3754123623_c8943c434fWhat is your flu plan?If you are like most schools, you will spend some time during opening of school meetings discussing the Swine Flu.  Its arrival seems inevitable but how much it will affect students, classes, and school activities is still unknown.  What is clear is schools should have a plan not only for school closure but, more likely, for conducting school when there is a high rate of absences among both students and faculty.Another thing that is clear- technology will play an important role in keeping kids connected when they are at home while continuing curriculum at school.  Many schools already have a website and a content management system but, if you are like our school, these get used in varying degrees.  If the flu hits hard this fall, teachers will have little choice of whether or not to utilize these systems. This can be a great opportunity for technology directors and curriculum integrationists.  Pandemic planning will motivate those reluctant-to-adopt-technology teachers to experiment with web-based tools and software in order to deal with the interruption that the flu will bring.  This could be just the leverage that is needed to get teachers to see the value of technology, not only in a distance learning setting, but also as a learning tool.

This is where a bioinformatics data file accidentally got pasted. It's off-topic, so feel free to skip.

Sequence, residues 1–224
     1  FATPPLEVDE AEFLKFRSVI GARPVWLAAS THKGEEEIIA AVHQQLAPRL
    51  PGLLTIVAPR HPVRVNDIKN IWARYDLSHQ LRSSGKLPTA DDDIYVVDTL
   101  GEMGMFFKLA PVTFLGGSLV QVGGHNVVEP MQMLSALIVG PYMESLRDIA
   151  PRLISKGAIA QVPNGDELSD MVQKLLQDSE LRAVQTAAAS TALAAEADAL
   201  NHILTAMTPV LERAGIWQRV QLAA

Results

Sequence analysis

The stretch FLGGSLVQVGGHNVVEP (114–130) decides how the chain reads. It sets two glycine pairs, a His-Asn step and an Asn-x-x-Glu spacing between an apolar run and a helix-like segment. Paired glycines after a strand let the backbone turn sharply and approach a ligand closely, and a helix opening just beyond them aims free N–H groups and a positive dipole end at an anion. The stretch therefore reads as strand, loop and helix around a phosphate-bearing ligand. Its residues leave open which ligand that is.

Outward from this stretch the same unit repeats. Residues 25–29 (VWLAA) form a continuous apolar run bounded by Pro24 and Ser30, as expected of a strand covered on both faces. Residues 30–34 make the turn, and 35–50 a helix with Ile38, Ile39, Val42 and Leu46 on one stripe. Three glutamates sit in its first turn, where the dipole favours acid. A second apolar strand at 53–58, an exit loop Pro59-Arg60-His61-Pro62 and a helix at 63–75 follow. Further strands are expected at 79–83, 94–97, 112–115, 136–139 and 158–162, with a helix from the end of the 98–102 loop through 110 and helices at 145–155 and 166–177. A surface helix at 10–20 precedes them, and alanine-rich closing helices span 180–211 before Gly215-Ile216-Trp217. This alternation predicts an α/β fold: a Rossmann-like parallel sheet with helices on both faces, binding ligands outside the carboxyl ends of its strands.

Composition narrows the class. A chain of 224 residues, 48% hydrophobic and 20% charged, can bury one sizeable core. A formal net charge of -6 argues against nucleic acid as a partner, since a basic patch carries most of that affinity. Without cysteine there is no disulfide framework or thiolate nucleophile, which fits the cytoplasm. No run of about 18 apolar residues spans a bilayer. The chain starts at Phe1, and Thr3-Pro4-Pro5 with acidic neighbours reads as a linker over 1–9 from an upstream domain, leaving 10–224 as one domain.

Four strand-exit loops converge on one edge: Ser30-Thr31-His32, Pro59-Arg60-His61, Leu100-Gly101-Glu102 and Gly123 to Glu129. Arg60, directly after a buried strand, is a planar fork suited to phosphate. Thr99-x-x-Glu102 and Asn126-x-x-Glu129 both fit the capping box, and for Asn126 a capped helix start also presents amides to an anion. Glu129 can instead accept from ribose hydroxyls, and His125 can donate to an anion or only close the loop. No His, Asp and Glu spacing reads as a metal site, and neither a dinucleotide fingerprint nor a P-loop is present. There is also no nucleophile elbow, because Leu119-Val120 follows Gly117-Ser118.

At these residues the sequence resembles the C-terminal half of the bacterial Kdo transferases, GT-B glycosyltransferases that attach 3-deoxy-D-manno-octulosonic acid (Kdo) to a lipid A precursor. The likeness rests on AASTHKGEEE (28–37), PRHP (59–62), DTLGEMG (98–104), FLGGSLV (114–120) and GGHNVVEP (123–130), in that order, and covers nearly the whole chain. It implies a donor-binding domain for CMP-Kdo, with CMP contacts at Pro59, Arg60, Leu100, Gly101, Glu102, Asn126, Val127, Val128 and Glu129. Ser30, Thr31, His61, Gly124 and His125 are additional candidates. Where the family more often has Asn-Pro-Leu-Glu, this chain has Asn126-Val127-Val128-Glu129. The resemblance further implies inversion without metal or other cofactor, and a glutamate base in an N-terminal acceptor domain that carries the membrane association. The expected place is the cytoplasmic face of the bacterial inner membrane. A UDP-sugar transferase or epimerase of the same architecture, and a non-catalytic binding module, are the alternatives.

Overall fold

This fall our school will be recommend that faculty use their course web pages regularly; updating them with homework assignments, handouts, and copies of class notes.   We will encourage them to get familiar with tools that aid in distance learning like:  GoogleDocs and Sites, Nings, skype, Voicethread, and Jing.  Teachers can Twitter their assignments.  They can work collaboratively on a class assignment using Google Docs. For a more comprehensive tool, they can set up a Ning in order to have class discussions, blogs, and share files.  There are many options.There is no doubt dealing the H1N1 virus this fall will be tricky. Schools should start the conversations early.  Get teachers together and have them share strategies on how continue teaching during the flu season.  Have teachers demonstrate tools they already use in their class which will help other teachers this fall.  Teachers should consider having a teaching “partner”, just in case one of them becomes ill or needs to stay home with a family member for an extended period of time.  That teacher could then lean on their “partner” to help facilitate their class off- and online. There are many options to consider and each school will go about it differently.  What is your plan?  Are you sharing it?  Have you communicated it with your faculty?  Your students?  Your parents?

Photo Credit: stanrandom

Page Lennig

Page Lennig

Director of Technology at Waynflete School